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As 3 senior staff are released, EIPR researcher Patrick Zaki's detention renewed

Silhouette cut-outs of Patrick Zaki, a EIPR researcher who was arrested by Egyptian forces, is seen at the Aula Magna of the University Library of Bologna on 16 July 2020 in Bologna, Italy [Michele Lapini/Getty Images]
Silhouette cut-outs of Patrick Zaki, a researcher for EIPR arrested by Egyptian forces, is seen at the Aula Magna of the University Library of Bologna in Bologna, Italy on 16 July 2020 [Michele Lapini/Getty Images]

A researcher for the EIPR who was detained at the beginning of this year has had his detention renewed for a month and a half.

Zaki, 28, was arrested at Cairo airport on his way into the country in February, blindfolded, taken to an unknown location and beaten and tortured with electric shocks.

Since then he has been in jail pending investigation for allegedly spreading false news and misusing social media.

Zaki was home for a visit from the University of Bologna in northern Italy where he was studying for his postgraduate.

His case raised parallels with that of Giulio Regeni who was tortured to death by members of Egypt's national security agency in 2016.

READ: Egypt state-run newspaper threatens that EIPR founder may 'vanish'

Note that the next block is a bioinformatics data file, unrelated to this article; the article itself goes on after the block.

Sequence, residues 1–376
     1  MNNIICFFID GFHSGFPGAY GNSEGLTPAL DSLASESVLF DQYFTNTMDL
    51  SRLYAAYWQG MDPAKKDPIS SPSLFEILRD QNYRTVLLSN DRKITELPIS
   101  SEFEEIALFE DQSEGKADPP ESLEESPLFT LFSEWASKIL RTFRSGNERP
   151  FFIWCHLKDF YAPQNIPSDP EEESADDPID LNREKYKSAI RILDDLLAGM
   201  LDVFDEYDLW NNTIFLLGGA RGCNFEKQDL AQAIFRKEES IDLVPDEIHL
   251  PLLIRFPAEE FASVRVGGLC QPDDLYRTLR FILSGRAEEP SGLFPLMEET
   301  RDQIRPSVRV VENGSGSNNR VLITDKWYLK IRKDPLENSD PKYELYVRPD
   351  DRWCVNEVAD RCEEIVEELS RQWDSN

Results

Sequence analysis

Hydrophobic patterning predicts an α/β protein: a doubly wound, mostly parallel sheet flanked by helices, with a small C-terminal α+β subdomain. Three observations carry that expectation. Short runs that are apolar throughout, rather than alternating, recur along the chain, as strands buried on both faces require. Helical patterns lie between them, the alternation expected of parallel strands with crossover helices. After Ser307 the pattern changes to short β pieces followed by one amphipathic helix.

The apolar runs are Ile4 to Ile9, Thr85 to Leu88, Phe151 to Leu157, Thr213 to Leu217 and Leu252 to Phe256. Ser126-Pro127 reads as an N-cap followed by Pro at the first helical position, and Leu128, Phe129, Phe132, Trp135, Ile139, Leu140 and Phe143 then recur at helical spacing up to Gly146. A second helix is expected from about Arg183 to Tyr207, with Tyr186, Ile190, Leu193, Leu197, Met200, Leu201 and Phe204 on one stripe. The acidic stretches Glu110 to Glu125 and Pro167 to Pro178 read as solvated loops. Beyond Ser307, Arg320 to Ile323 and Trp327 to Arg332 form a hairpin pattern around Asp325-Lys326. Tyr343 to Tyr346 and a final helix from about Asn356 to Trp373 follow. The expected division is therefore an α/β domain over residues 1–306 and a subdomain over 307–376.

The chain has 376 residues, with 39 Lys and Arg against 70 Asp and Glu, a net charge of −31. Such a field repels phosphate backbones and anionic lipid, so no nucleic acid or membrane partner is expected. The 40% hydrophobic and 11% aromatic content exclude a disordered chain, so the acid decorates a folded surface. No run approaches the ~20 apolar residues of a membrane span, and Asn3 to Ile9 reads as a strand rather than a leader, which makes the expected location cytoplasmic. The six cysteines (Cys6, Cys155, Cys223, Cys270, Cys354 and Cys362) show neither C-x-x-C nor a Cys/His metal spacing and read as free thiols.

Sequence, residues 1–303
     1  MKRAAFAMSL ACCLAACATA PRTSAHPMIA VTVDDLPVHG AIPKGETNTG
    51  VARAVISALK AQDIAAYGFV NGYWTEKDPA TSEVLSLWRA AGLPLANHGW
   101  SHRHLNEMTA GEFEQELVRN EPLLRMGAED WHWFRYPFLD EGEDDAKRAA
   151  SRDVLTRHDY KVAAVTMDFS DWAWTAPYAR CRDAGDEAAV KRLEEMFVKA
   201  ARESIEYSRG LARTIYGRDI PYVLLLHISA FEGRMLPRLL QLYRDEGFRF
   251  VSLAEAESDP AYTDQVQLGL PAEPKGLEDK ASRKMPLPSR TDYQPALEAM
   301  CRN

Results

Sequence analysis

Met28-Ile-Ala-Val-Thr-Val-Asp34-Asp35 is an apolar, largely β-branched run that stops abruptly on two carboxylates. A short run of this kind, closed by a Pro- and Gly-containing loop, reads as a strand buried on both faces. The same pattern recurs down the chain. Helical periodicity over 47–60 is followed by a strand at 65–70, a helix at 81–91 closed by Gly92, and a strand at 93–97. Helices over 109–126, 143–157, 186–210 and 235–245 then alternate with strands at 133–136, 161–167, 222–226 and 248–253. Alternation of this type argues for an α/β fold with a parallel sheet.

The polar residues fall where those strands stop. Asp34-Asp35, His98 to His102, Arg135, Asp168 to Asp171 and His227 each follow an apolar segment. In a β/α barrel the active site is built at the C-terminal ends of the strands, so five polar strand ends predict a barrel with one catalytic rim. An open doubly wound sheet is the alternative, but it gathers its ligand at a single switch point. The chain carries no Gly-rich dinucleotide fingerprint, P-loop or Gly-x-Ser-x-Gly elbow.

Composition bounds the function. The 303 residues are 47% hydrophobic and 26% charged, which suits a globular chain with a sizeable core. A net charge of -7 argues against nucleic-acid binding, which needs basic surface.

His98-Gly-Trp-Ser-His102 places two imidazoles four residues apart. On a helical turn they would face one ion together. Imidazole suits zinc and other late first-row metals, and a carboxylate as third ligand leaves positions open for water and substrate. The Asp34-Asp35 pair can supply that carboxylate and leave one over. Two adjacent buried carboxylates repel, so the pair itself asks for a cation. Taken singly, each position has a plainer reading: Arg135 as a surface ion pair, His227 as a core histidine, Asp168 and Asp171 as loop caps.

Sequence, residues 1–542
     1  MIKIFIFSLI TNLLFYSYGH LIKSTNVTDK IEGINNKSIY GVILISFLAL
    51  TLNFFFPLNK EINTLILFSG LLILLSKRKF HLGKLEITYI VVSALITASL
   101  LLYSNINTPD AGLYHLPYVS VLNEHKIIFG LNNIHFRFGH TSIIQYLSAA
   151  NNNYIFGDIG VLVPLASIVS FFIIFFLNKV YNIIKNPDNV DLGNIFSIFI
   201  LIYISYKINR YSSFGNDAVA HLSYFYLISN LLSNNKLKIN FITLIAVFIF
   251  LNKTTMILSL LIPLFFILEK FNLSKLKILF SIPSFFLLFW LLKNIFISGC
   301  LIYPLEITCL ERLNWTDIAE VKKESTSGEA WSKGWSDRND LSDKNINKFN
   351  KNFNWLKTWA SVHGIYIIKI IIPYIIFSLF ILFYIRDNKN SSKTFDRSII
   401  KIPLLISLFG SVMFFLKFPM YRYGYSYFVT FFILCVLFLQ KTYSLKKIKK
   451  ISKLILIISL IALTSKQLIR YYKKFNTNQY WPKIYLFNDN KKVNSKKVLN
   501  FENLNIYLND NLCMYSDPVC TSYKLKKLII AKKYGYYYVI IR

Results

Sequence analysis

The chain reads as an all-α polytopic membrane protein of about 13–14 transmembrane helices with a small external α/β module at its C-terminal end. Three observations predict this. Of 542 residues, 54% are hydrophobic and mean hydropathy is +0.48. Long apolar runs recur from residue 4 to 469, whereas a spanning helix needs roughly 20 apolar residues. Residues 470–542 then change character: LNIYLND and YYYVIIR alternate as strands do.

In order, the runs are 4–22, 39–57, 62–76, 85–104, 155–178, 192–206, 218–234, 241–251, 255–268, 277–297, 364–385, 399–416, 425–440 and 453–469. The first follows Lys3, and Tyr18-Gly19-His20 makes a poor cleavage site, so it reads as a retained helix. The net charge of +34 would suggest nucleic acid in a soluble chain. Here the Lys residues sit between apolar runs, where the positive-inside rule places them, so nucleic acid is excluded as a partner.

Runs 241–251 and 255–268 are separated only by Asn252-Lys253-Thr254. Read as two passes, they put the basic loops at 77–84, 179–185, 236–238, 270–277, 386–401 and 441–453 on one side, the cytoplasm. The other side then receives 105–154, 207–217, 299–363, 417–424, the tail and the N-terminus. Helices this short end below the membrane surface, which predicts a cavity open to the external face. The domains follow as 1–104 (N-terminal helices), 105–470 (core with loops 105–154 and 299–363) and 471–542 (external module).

On Sunday, Zaki appeared in court alongside 700 other people arrested in different cases where his detention was extended.

Human rights advocates have condemned Egypt's use of mass trials to sentence detainees which do not comply with international standards for due process.

The decision came after three senior staff members of the EIPR were released last Thursday following an international outcry over their arrest which included an appeal from Hollywood star Scarlett Johansson for their release.

They were arrested following a meeting with Western diplomats about the human rights situation in Egypt.

Following their release, a terror court froze their assets and a state-run newspaper threatened EIPR founder, Hossam Bahgat.

"It is not unlikely for Hossam to suddenly vanish," wrote former editor Khaled Imam in the publication which has ties to National Security.

"His followers would claim he was forcibly disappeared or detained. But if he does suddenly disappear then most certainly, he will have joined a terror group abroad."

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